The University of Southern California, USA
Tom Sito has been a professional animator since 1975. One of the key players in Disney’s animation revival in the 1990s, he animated on such classic films as The Little Mermaid (1989), Beauty and the Beast (1991), and The Lion King (1994). He is Chair of The John C. Hench Division of Animation and Digital Arts at the School of Cinematic Arts at the University of Southern California. President Emeritus of the Animation Guild, Local 839, Hollywood. He is author of several books including Drawing the Line: The Untold Story of the Animation Unions from Bosko to Bart Simpson ( Univ Press of Kentucky, 2006), and Moving Innovation, a History of Computer Animation (MIT Press, 2013)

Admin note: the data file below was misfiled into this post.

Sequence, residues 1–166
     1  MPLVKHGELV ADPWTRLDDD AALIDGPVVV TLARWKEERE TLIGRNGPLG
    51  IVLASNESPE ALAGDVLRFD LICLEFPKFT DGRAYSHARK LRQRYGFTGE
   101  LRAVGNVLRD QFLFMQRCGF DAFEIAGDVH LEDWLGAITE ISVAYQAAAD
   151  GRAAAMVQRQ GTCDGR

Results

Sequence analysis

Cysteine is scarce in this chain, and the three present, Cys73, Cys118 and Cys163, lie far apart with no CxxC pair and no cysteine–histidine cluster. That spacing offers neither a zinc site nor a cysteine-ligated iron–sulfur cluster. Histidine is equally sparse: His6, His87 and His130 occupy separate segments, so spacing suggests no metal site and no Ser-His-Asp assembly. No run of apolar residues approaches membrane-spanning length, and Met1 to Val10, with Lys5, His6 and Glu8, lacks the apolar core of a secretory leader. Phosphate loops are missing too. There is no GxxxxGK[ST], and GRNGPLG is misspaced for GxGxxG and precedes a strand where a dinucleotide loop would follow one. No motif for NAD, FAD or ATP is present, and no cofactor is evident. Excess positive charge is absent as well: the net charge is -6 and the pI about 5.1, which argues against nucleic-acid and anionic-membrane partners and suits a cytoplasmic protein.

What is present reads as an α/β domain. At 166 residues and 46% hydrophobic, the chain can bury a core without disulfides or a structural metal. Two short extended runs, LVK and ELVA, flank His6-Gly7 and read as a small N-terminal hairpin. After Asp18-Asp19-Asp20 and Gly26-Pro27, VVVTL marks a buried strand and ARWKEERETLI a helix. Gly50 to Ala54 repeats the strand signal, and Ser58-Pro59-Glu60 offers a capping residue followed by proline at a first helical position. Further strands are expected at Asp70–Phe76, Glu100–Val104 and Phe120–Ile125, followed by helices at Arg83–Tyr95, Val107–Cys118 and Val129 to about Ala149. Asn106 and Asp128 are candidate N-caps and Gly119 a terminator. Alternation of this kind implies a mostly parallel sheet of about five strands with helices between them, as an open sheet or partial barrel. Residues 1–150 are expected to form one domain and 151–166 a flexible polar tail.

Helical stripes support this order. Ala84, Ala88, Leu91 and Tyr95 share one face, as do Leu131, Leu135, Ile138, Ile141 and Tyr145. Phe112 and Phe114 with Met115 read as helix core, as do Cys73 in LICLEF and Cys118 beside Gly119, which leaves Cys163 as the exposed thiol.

Fifty years ago a graduate student at MIT completed his thesis project by creating the first ever animation program on a declassified Cold War computer used to track Soviet nukes. In the intervening years Computer Graphics (or CG) has forever changed the way we experience media. Without CG the Titanic would not sink. The armies of Middle Earth could not march. We would never know Shrek, Lara Croft, Buzz Lightyear or the Naavi. It has made movie film itself an anachronism. Yet few today understand its origins. Ask seven professionals what was the first computer graphics in a major motion picture, and you will probably get seven different answers. There is more to the history of CG than one day George Lucas rubbed a lamp and Pixar popped out. Tom Sito, author of the first ever complete history of CG, describes how an unlikely cast of characters—math nerds, experimental artists, beatniks, test pilots, hippies, video gamers and entrepreneurs shared a common dream, to create art with a computer, heretofore considered only a machine for calculations. Together they created something no one asked for, and no one knew they wanted, and they used it to change all the world’s media.